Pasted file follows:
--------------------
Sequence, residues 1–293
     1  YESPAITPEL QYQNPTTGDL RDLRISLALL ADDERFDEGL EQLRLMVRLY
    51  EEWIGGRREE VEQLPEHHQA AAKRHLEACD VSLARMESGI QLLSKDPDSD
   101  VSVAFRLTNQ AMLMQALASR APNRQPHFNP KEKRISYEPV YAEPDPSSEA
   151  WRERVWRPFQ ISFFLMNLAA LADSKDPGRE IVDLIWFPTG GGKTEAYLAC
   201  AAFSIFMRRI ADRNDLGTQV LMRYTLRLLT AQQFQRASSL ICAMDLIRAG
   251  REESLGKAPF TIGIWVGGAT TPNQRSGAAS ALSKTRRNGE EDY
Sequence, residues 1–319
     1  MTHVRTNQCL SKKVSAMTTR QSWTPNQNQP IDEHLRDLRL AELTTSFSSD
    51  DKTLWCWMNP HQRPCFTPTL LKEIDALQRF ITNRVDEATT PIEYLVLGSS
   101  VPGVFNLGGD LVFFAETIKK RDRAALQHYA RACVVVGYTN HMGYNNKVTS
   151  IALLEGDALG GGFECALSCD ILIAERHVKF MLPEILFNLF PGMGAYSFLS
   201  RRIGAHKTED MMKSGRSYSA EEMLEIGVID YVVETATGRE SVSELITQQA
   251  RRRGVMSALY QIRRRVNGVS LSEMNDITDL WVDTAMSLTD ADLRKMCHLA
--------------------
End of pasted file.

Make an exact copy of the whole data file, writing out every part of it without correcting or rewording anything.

Sequence, residues 1–293
     1  YESPAITPEL QYQNPTTGDL RDLRISLALL ADDERFDEGL EQLRLMVRLY
    51  EEWIGGRREE VEQLPEHHQA AAKRHLEACD VSLARMESGI QLLSKDPDSD
   101  VSVAFRLTNQ AMLMQALASR APNRQPHFNP KEKRISYEPV YAEPDPSSEA
   151  WRERVWRPFQ ISFFLMNLAA LADSKDPGRE IVDLIWFPTG GGKTEAYLAC
   201  AAFSIFMRRI ADRNDLGTQV LMRYTLRLLT AQQFQRASSL ICAMDLIRAG
   251  REESLGKAPF TIGIWVGGAT TPNQRSGAAS ALSKTRRNGE EDY
Sequence, residues 1–319
     1  MTHVRTNQCL SKKVSAMTTR QSWTPNQNQP IDEHLRDLRL AELTTSFSSD
    51  DKTLWCWMNP HQRPCFTPTL LKEIDALQRF ITNRVDEATT PIEYLVLGSS
   101  VPGVFNLGGD LVFFAETIKK RDRAALQHYA RACVVVGYTN HMGYNNKVTS
   151  IALLEGDALG GGFECALSCD ILIAERHVKF MLPEILFNLF PGMGAYSFLS
   201  RRIGAHKTED MMKSGRSYSA EEMLEIGVID YVVETATGRE SVSELITQQA
   251  RRRGVMSALY QIRRRVNGVS LSEMNDITDL WVDTAMSLTD ADLRKMCHLA